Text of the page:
Who owns the loaner cars? If the company owns the cars, why Mark up the parts or labor? My techs are flat rate. If book time is 5 hours on a company vehicle, they get their normal flat rate at 5 hours. Say that flat rate is $30 an hour. Tech gets 150. If the company owns the vehicle, why Mark up parts at all and what's the benefit to adjusting the shop rate? I understand your techs are hourly plus 5%, are you trying to save on the commission? Is your tech worth less working on your vehicles than your customers vehicles? In my opinion, it's hard to find good techs. I'd be leaving a company quick if I found they were trying to figure out ways to decrease my pay. I pay them well and do everything I can to help them make more. I want them happy to have this job, and will absorb a few costs to keep them. Sent from my SM-N920V using Tapatalk
  14. dfrisby

    LOANER CAR REPAIR

    Whether it's in house repairs or for a paying customer, the tech should get paid the same. Unless the tech owns the business, why would it be fair any other way? If service writer is performing the job of service writing for this job, they should get paid the same as any other job. Sent from my SM-N920V using Tapatalk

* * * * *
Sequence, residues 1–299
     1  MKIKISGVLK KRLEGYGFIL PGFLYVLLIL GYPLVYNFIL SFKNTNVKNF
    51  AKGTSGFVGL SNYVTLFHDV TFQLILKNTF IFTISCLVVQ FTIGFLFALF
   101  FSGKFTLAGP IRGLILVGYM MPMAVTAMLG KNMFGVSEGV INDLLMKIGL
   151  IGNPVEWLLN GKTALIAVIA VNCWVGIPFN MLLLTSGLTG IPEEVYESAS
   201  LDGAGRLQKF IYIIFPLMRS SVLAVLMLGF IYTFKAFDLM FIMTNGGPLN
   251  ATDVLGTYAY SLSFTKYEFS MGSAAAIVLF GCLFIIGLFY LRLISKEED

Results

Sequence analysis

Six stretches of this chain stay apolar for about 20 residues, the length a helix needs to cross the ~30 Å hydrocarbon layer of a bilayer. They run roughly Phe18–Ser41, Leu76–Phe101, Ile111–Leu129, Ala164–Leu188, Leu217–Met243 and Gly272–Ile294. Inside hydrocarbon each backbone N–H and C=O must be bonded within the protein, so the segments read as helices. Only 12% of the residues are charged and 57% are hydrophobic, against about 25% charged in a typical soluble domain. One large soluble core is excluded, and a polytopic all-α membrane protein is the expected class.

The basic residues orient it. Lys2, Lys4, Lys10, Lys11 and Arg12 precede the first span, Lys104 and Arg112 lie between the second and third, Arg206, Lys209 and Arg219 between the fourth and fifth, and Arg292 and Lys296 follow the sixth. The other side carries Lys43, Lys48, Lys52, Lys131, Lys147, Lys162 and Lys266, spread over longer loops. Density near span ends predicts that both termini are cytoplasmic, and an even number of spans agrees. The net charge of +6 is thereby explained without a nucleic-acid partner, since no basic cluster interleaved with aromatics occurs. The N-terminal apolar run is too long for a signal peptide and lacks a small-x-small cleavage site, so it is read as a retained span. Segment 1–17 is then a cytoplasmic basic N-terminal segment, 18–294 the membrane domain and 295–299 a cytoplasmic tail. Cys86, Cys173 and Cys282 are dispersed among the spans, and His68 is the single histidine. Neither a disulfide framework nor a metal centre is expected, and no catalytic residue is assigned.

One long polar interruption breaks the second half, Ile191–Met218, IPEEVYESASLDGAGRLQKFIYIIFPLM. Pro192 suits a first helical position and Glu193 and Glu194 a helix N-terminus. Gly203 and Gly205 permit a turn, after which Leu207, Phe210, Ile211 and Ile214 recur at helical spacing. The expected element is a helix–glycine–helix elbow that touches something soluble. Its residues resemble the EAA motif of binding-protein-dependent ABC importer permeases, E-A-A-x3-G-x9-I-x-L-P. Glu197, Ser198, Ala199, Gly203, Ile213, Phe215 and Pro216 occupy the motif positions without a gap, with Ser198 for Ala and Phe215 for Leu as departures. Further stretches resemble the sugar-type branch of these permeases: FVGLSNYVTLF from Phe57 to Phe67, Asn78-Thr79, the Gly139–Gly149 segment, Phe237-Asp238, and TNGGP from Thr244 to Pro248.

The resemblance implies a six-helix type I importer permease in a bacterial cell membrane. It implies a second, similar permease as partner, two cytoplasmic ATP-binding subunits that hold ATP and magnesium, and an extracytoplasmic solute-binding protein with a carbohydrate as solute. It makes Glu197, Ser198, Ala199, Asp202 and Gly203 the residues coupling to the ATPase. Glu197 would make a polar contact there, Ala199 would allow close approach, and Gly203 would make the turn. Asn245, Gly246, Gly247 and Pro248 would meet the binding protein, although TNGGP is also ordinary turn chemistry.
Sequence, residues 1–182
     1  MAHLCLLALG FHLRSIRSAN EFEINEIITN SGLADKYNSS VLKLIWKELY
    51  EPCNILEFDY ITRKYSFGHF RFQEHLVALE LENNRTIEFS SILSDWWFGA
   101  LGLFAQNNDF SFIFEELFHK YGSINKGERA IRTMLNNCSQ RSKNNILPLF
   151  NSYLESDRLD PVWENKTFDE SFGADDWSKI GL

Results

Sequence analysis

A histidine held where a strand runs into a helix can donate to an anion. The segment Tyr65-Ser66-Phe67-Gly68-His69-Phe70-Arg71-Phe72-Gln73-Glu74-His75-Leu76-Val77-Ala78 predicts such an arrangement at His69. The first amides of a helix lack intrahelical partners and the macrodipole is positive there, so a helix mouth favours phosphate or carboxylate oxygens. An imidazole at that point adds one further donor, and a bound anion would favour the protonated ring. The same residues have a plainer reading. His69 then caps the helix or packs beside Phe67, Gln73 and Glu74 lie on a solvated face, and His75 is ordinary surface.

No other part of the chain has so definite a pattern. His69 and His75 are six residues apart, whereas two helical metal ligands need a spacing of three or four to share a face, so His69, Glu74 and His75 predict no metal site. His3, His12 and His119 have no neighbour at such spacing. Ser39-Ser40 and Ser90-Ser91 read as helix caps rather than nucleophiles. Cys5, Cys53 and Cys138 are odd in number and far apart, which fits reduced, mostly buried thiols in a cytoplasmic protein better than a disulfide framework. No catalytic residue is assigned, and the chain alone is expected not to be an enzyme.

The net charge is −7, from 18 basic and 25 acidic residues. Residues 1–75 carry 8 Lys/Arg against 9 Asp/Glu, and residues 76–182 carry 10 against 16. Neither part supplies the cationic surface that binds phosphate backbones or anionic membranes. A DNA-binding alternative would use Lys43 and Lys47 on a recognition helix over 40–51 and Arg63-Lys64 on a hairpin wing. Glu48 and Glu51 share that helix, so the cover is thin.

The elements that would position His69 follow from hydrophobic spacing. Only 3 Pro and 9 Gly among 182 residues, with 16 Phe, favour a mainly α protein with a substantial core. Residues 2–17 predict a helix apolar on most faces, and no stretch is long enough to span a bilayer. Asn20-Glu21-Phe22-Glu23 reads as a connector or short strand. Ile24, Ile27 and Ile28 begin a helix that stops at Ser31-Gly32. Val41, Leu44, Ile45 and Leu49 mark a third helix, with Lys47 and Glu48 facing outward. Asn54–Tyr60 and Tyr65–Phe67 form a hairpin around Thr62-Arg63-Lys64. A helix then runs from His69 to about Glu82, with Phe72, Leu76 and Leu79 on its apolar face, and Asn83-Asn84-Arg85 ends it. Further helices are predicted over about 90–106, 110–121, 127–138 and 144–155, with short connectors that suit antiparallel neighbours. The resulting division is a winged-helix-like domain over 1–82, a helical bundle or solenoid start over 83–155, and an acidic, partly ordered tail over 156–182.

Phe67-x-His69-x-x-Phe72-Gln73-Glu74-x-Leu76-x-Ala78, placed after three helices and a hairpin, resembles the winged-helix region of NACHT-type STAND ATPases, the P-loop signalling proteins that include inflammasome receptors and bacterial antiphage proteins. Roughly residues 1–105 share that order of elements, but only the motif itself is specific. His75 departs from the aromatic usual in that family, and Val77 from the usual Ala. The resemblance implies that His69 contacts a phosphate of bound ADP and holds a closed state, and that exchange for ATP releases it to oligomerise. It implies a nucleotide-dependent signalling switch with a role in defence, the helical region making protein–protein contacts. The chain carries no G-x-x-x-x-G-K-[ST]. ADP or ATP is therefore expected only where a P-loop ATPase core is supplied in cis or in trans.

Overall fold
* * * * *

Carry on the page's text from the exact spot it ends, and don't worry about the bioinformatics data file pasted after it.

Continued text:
15. Had a customer call me yesterday wanting free diagnostics. Told him there's no such thing. He mentioned oreillys, who just "loans" a code reader to the customer to pull their own codes. Told him to get his free diagnostics there then, and since you won't pay me for diagnostics, go ahead and have them perform the repair as well. Sent from my SM-N920V using Tapatalk